Women: An interesting consideration is that, in general, the more women have rights, the better the economy, along with education, technology and security. It's not really surprising - if you take half the population off the jobs market not able to be productive in the work place, you'll get reduced economic performance. Less competition for jobs. Less diversity. Some jobs women are far better at than men and vice versus. If women are raised to think their role in life is to produce babies - then they will focus on this. But this puts pressure on resources, creates massive youth unemployment and does nothing for a diverse work culture. Call it culture, religion, faith or whatever - if you suppress women's rights, don't expect your economy to out-perform. If you are an investor, then look at countries like Denmark, Sweden and Norway - all countries with outstanding women's rights - and you will see stable, secure growing economies with moderately growing but stable populations. And education and health standards are excellent.
Desert Cities Built From Oil: As oil production expanded and revenues increased in the 1980s, so did building, energy consumption, populations and water consumption. Desert cities grew from the dry sands. However, in the longer term, when oil production starts to decline and consumption rises along with the population, exports drop drastically along with revenues. Then these desert cities become completely unsustainable - there is no energy to cool them, fuel them or pay for food imports. Basically, too many people are living in the wrong place. Yes, desert nations and the world has created a huge long term problem - festering away - of which we are probably seeing the very early signs of these tensions. By 2035, the Middle East might be using all the oil it produces, not exporting any with double the population. Only countries with very small populations and large exports would continue to prosper - about the only examples are Qatar and Kuwait. Iraq would likely improve it its security continues to improve - but most other countries would become oil import nations by then. Huge desert cities have been created - in the wrong place - fuelled by oil that is running short.
Recession to Hit Western Europe: The first countries to fall into recession will be:
Ireland, Spain, Portugal, Italy and Greece – all countries with huge oil import bills, massive deficits and inefficient manufacturing sectors. Also aging populations and slow population growth with no particular global acumen in the financial or services sectors.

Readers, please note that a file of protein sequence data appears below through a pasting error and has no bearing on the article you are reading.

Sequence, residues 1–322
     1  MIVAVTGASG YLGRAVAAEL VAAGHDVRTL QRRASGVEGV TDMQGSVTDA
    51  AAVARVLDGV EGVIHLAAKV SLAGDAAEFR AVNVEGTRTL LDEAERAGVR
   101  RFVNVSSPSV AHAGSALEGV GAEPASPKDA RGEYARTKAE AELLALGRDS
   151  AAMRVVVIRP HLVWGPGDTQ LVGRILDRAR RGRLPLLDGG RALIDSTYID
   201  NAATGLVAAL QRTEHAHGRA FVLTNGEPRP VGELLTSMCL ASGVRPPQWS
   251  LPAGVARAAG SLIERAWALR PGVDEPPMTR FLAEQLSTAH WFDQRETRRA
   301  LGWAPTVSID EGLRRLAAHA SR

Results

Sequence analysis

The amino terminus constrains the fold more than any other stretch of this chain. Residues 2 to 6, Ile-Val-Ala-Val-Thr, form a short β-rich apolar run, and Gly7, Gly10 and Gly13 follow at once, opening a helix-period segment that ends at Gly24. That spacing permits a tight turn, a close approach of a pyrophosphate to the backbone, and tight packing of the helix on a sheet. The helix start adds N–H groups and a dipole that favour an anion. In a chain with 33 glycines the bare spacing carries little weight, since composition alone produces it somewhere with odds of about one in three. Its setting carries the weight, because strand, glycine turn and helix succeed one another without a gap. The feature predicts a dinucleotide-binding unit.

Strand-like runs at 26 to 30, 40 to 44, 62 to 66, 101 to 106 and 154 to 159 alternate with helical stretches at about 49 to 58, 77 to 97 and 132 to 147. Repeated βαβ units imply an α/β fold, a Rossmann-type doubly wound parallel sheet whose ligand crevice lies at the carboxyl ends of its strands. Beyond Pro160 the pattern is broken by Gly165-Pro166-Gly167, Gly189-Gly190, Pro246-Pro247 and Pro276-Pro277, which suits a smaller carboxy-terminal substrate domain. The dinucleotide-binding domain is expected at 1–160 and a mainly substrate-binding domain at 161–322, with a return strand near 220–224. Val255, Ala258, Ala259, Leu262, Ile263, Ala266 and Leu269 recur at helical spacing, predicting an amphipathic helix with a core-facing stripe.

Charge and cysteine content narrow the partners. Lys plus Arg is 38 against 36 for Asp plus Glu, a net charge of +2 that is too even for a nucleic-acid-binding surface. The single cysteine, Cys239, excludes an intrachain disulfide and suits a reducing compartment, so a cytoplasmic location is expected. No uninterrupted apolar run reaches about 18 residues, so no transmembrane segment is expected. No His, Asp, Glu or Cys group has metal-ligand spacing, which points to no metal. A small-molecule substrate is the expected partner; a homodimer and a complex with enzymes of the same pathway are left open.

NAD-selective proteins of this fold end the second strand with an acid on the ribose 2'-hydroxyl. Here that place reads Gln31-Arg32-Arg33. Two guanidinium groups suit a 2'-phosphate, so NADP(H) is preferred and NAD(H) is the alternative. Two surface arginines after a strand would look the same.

Safe Havens: As wars break out across North Africa and the Middle East, it won't be any surprise where the money will end up. The money will be rapidly pumped into solid safe prime real estate in mainly Western European nations. The UK ranks very high because:
non-domicile tax status costs a flat £50,000 a year - not much for the super rich
private education and universities are excellent
liberal and cosmopolitan environment
excellent culture, tourism and entertainment
cool climate in the summer, not too cold in the winter
prestigious west end living
Other targets for these funds will be Geneva, Luxemburg, Oslo and possibly Italy.
London: In London, the top locations that have always been favourites for Arab money are Kensington, Knightsbridge, Chelsea, Bayswater, Wimbledon and Richmond. Prices have already started shifting higher as the flight of capital out of the Middle East and North Africa hits new heights. This may also be joined by Israeli money later this year - with North London (Finsbury and surrounding areas) popular. Upper end property will move higher, with some mid range properties being positively affected (Clapham, Battersea). Lower range property will probably not move significantly because of these capital inflows (New Cross, Peckham). The more stable Sterling and government economic policy will also probably help attract these investment funds.
We hope you have found this report helpful. We wish we could be more optimistic - but the outlook frankly is looking rather bleak behind the facade of normality communicated by politicians, the media and the markets. Behind the scenes, we are now very close to a recession with fiat money bubble likely to pop shortly. If you have any comments, please contact us on firstname.lastname@example.org
Saudi Arabia population
Congo DRC population
Congo DRC population
Courtesy Wikipedia Demographics
Saudi Arabia Oil Exports Actual and Forecast
Syria Oil Production
Egypt Oil Production
Libya Oil Production
Export Oil Production Crisis Production Population Explosion